Cartwright pushed the half eaten bowl of food across the table and sat back in the precarious chair. Six months in the country and he had still not got used to rice soaked in butter tea for breakfast. Through the smoke of a newly lit cigarette Cartwright watched the room from the vantage of a corner table. He was the only noticeably, recognisable westerner, most of the faces were familiar to him though. Even if the food wasn’t to his liking the small cafe was. The owner was hospitable and it was a great place to pick up the local comings and goings, despite the complexity many dialects brought.
Passengers talked, clicked and tapped mobile phones, worked computers, listened to music, and slept. The train slowed and a synthetic voice announced the next station. John was tired from a day full of meetings, and six hours of train travel.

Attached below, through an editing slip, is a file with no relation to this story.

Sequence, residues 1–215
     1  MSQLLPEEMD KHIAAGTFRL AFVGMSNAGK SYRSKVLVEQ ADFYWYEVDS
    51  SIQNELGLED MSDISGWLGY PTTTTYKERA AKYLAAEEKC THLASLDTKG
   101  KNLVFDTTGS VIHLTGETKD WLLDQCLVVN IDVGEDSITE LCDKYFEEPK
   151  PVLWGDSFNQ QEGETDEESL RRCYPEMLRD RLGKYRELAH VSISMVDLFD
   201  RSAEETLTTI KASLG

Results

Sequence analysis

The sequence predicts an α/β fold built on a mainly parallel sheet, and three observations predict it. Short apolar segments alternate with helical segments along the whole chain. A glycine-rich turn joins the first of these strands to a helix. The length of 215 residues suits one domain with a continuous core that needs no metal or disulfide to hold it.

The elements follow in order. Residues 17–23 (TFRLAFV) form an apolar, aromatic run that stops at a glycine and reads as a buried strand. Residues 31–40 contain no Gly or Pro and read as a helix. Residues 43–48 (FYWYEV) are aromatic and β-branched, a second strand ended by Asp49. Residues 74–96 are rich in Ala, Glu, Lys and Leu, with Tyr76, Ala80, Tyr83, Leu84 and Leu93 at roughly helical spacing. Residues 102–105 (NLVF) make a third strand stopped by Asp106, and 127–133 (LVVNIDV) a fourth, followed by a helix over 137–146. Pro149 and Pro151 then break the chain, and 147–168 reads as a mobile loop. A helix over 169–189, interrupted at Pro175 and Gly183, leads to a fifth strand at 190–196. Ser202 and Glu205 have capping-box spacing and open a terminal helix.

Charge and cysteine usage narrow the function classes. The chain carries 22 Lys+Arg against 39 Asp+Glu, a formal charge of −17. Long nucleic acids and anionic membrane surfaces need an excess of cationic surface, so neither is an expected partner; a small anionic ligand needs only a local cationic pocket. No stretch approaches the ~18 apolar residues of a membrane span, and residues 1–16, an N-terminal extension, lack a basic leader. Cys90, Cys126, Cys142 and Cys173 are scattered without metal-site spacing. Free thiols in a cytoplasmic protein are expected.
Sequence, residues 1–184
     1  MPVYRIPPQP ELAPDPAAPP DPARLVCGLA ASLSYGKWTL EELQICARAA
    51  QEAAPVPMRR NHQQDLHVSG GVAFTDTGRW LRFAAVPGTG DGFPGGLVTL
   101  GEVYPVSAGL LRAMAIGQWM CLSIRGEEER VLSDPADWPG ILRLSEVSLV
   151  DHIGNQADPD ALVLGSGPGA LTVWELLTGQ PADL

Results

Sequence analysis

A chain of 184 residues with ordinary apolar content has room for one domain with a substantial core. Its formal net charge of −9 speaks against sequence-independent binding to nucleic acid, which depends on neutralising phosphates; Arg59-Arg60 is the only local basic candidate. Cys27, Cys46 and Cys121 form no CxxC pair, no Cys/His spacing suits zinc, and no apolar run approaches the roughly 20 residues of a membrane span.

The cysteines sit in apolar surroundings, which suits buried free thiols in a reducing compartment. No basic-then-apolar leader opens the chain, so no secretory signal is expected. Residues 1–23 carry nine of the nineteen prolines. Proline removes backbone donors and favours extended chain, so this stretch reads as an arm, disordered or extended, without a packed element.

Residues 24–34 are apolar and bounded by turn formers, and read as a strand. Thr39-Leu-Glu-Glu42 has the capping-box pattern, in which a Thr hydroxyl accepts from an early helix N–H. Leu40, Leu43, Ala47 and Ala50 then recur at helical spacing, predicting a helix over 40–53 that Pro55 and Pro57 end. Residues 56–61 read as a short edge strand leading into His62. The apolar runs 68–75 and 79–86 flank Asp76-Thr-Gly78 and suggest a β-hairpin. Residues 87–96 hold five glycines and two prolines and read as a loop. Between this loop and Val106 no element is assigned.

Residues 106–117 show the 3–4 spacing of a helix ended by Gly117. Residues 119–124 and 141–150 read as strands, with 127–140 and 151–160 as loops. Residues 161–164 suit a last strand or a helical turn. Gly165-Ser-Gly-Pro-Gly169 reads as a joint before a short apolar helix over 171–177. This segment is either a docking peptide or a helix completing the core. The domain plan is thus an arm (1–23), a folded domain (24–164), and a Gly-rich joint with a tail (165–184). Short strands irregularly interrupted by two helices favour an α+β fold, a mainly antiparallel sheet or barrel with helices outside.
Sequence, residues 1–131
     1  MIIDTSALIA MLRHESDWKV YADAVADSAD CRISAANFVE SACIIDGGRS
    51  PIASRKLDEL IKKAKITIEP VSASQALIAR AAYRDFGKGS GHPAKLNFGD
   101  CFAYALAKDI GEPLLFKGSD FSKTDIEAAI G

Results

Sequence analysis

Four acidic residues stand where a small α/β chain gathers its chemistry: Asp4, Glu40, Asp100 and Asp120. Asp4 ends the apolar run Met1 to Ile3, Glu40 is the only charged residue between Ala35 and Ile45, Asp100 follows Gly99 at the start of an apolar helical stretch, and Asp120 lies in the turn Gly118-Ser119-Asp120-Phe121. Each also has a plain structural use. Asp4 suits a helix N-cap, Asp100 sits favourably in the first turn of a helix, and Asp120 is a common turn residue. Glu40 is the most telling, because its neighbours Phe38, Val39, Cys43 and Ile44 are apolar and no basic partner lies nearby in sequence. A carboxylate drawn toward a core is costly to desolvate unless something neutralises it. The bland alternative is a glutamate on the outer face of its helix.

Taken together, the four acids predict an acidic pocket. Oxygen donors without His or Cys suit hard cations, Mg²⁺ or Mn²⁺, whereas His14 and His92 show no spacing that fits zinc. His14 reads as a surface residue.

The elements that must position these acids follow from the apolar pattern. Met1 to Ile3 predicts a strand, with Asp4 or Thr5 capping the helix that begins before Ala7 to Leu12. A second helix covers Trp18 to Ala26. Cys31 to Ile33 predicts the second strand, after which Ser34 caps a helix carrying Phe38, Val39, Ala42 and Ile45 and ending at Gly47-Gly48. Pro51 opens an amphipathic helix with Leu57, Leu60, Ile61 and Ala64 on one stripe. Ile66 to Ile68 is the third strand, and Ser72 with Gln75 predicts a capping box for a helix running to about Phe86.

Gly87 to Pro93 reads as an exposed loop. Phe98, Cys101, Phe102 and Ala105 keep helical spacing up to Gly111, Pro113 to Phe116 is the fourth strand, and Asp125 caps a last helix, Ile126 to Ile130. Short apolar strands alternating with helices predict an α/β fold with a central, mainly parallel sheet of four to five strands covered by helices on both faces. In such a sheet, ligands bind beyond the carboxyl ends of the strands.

A large man, flopped into the seat opposite. He smiled and breathed heavily at John through beads of perspiration that gathered on his chin and threatened to drip onto his newspaper. The hand holding the newspaper was soft and pudgy, its featureless landscape broken only by a thin band of gold on the wedding finger. Continue reading “The Rattle of the Bones – by Steve Luckham”
At 7pm on Tuesday, the weather is still warm enough for Billy to be outside in a t-shirt and shorts. He sucks a carton of Um Bongo through a straw and listens to Michael Jackson on his Walkman. Across the street, Dirty Grimshaw sits on his front step, swigging supermarket-brand lager from the can and throwing his dog-ends onto an ever-growing pile. The neighbourhood kids piss him off, squealing, as they race each other across sticky tarmac on BMX bikes. At 7pm, no-one is overly worried that eleven-year old Tania Parry has not yet returned from the swimming pool. Continue reading “Golden Tears – by Rachel Hogg”